The feminist artist premieres her latest work, 'I Heart Girl – Screen Test,' exclusively on i-D.
New York-based artist and filmmaker Jessica Yatrofsky has spent her entire career exploring the dynamic confines of gender. The hugely successful follow up to I Heart Boy, Yatrofsky's recent project I Heart Girl saw her photograph 100 women over a period of several years. Challenging traditional representations of women in mass media, her latest offering is a moving image project that compiles a series of screen tests, featuring all the women she shot for her photographic monograph. Naked without being objectified, or clothed without accentuating the subject's gender, I Heart Girl - Screen Test deconstructs our institutionalized notion of femininity and reminds us of how beauty comes in all shapes, sizes and colors. Currently in London to give a lecture, Beauty, Gender, and The Camera, with androgynous model and muse, Dana Caputo, and with lots of exciting projects in the pipeline, we caught up with the artist to find out how it's all going.
Where does your interest in the female form come from?
With the I Heart Girl series I was inspired by the inherent strength and beauty of the female form. To work with women to create images that can explore both femininity and masculinity was very intriguing to me. I am interested in how we choose to define ourselves as women but more importantly as individuals.
What was the idea behind I Heart Girl - Screen Tests?
The screen tests are really an extension of all my portrait work. I routinely make these screen tests of all my subjects simply because there is a difference in seeing subjects moving and 'in the round.' It's very powerful to see how each person moves, their micro expressions and how they hold their bodies. Having the opportunity to linger on these moments in the film and examine the nuances in these subjects allows for another layer of expression and representation beyond the still images.
Screen tests are all about performing for some unseen beholder, typically a man, how does this power structure relate to what you're trying to achieve?
What does it mean when the women are performing for a woman? For me, it eliminates this idea of a traditional power dynamic because the subject and photographer are both women, and equals. Both are indeed playing their respective roles, photographer and subject, but when depicting these women I felt I was representing myself so that is how I approached each subject.
What effect does a moving image have on the element of nudity within the film? To me, it adds a certain starkness, reality and immediacy compared to the stills. Were your sitters as comfortable being on film as they were with your photographic work?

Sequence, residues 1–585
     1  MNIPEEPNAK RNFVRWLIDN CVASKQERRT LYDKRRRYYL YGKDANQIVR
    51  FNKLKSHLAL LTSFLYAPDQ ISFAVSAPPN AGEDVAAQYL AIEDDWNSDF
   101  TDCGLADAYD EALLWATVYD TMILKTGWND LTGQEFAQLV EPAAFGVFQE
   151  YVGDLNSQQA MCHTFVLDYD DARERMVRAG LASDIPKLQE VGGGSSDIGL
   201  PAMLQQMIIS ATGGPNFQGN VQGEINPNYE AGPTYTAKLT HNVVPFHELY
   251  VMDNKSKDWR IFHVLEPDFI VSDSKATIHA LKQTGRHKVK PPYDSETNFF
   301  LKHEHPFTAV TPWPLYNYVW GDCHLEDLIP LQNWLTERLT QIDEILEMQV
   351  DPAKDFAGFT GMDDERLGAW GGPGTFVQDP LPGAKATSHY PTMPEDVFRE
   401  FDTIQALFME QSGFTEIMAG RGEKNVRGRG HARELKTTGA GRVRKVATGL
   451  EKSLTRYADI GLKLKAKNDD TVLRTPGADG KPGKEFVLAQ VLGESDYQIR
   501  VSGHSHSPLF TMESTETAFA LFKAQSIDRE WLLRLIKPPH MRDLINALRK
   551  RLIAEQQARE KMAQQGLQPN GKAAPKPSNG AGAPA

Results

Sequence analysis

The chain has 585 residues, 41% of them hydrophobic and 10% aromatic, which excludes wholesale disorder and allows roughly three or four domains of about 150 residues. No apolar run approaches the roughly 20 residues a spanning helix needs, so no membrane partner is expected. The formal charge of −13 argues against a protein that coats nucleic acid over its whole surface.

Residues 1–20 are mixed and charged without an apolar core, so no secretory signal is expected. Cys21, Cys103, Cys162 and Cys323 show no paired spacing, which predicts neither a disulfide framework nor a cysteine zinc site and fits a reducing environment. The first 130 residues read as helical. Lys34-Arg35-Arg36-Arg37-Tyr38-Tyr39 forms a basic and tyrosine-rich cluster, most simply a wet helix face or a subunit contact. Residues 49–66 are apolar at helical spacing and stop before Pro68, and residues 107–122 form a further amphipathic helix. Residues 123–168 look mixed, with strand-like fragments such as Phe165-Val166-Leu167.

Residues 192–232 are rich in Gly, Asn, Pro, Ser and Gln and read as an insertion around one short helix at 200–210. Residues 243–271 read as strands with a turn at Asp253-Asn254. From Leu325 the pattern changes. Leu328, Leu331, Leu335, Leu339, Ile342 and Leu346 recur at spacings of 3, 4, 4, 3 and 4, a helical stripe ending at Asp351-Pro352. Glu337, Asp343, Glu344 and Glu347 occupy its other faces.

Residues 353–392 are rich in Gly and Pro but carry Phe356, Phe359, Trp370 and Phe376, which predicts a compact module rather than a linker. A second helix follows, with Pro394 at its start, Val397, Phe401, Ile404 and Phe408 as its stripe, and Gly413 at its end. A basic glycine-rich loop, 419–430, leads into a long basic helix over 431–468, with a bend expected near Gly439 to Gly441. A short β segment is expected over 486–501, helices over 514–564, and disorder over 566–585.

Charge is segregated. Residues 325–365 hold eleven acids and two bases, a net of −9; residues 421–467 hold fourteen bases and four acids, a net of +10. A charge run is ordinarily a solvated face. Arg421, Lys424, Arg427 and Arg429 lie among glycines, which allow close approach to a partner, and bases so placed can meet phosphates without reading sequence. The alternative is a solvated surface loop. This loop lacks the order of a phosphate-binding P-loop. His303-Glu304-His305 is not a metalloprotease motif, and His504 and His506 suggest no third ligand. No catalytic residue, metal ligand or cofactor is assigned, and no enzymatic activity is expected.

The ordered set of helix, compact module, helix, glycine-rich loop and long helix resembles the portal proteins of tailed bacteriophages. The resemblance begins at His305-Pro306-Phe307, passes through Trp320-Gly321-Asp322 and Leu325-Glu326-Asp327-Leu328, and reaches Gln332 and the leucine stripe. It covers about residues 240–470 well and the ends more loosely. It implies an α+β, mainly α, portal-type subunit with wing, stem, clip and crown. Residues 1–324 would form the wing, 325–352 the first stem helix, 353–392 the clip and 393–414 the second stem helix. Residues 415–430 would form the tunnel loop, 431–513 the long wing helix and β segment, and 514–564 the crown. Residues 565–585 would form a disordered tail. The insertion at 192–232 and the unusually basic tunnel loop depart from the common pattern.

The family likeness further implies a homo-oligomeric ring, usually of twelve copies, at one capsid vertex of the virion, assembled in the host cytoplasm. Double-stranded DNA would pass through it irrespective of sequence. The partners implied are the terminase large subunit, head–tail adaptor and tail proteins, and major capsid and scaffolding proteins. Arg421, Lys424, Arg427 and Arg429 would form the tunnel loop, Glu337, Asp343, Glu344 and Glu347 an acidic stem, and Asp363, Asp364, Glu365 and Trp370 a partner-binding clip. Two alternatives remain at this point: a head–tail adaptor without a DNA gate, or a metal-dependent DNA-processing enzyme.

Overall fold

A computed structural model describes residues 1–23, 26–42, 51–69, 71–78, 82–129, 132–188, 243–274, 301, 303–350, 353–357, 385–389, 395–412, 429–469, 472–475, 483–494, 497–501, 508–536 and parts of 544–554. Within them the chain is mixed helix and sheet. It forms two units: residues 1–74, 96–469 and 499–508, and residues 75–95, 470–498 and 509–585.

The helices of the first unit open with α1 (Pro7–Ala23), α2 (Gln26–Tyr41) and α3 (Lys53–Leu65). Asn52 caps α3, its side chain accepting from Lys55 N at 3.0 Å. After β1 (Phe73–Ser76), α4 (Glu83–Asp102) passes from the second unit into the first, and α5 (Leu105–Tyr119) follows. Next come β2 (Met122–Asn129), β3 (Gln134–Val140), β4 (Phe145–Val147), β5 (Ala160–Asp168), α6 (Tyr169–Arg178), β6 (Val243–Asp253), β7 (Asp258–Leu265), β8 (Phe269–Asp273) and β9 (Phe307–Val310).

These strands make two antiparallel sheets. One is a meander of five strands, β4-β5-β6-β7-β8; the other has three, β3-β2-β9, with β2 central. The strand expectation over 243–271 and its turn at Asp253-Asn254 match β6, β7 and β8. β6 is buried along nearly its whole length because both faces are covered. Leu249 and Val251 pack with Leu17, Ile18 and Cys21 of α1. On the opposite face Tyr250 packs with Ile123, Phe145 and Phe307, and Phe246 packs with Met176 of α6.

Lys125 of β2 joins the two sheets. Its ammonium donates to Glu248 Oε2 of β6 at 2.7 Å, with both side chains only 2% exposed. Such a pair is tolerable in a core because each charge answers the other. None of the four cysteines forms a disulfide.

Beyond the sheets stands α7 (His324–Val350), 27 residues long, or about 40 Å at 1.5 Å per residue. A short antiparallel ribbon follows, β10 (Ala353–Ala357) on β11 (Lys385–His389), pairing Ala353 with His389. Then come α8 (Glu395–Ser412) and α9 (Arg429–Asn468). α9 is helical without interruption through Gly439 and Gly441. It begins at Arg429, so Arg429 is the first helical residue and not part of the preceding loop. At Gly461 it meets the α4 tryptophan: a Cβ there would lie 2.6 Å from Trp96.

Video allows the viewer to be more of an active participant in that a moving image holds your attention in a different way. Everyone seems very easy and familiar with the idea of video now, so when I made the screen tests I didn't feel like there was any difference in comfort level or any shift in how the subjects presented themselves.
There's an obvious voyeuristic element to the whole piece. What kind of emotions do you want your viewer to feel?
I'm attached to this idea of both variety and repetition. I like the idea of seeing a subject multiple ways and capturing subtle shifts through repeating the same poses. And with the I Heart Girl - Screen Tests my intention was to capture and convey this moving process of the portraiture work and perhaps to reveal another side of the subjects.
Tell me a bit about your Gender Beauty & The Camera lecture series.
Gender Beauty & the Camera is a touring conversation series moderated by my longtime friend and collaborator Dana Caputo. The talk moves beyond the scope of I Heart Girl and discusses larger topics involving body politics and comparing our beliefs about beauty and how they inform the way we perform and define gender. The next talk will be held in London on February 22nd at the Shoreditch House.
What do beauty and gender mean to you?
Beauty is both ephemeral and enduring. To me beauty is an energy much like gender in that it's an expression and a very individual experience.
I am currently working on another photography monograph series that includes a variety of subjects and, of course, focuses on portraiture and on the body. I am pairing up subjects and bringing them into nature and juxtaposing those images with intimate indoor portraits. I am also in post-production for a film I directed that explores a relationship between two men and deals with identity, sexuality, and intimacy.
In addition to film and photography projects I will be premiering a series of podcasts as part of the New York Fem Factory where we will be in conversation with some really amazing guests to discuss gender, body politics, identity, and censorship, all topics that are inline with the mission of the movement. It will be an opportunity to explore and dissect the current cultural landscape through dialogue.